The Journal Gazette
 
 
Sunday, June 23, 2019 1:00 am

Survey: Firms offer flexibility to entice talent

LISA GREEN | The Journal Gazette

Flexible schedules and remote work options are helping some employers attract talent, results of a small survey suggest.

Flexible work is offered by 61% of 150 companies whose human resources staff participated in a three-week survey that ended this month.

Of those, 91% reported they offer flexible scheduling and 62% offer remote work options, according to Challenger, Gray & Christmas Inc., a Chicago-based outplacement and executive and business coaching firm.

Survey respondents represented companies of various sizes and industries nationwide.

Millennials and Generation Z workers expect a balance between work and life, and employers “will find they must respond with these offerings,” Andrew Challenger, a vice president with the firm, said in a statement.

Some companies are taking flexibility a step further, with 19% offering unlimited paid time off. The benefit has “recently gained popularity, especially at tech companies like Netflix, which offers this benefit to new parents for up to 12 months,” Challenger, Gray & Christmas said in a news release last week.

“Companies often find unlimited PTO is a benefit not only to the employee, but also to the company,” the firm said.

“These programs typically save the company money in accrued time-off payouts and are easier to administer for HR than traditional vacation programs.”

The unlimited time off gives workers flexibility to manage personal issues such as doctor's appointments to caring for children or parents or leisure activities.

Employers may be stretching more due to low unemployment creating a tight labor market.

Other survey highlights included:

• 43.3% said they have plenty of applicants, but those candidates do not have the requisite skills.

• 26.7% said they are not getting many applicants, and those who do apply are not qualified.

• 16.7% said they are not getting many applicants.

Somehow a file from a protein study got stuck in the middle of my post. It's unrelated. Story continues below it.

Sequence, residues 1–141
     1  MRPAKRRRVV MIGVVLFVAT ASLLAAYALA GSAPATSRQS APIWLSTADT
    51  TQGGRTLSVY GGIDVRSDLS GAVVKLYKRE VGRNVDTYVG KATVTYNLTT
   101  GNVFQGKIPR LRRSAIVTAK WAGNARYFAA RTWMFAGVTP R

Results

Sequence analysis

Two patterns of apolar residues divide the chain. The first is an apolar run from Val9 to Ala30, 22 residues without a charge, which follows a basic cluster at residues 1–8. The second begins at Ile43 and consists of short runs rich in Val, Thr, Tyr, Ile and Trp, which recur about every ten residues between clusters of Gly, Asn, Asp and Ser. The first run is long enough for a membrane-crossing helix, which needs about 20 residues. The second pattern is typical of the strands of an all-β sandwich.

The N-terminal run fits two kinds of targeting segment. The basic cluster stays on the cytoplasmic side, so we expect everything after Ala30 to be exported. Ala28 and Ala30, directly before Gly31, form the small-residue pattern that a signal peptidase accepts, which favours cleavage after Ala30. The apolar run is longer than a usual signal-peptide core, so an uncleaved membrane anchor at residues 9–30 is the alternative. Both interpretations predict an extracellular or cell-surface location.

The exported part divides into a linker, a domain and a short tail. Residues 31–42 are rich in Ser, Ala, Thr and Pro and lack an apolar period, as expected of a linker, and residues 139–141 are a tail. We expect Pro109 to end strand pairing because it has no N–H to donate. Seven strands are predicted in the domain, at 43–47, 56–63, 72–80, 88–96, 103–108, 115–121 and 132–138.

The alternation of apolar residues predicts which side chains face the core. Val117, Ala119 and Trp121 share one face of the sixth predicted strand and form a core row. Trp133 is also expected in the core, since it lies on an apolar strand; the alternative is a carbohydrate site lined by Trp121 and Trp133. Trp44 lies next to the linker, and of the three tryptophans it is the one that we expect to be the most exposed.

• 13.3% said they have plenty of applicants with the requisite skills.

“If the tight labor market continues, employers will have no choice but to respond to the expectations of the talent they are attempting to attract and retain,” the Challenger firm said.

Checking references

Many employers check the references of job candidates, but there's also a business model in checking the references.

An email this month touted the services of JobReferences.com. It suggested professional reference checking services are important because “a mediocre job reference” can cause an employer to offer a job to a competing candidate.

Providing incorrect information regarding the position title, employment dates or reason for separation could send the wrong message to a prospective employer, according to the release.

“Even factors like a delayed return phone call or the tone in a reference's voice can have the same effect,” the release said.

Having good references is a basic need, but many candidates don't take the time to ensure that the references submitted to prospective employers are “providing the type of recommendation expected and that will result in a successful job transition.” 

To share a thought, a favorite quote or other wisdom about leadership, email Lisa Green at lisagreen@jg.net. Lead On also appears online as a blog at www.journalgazette.net/blog/lead-on.


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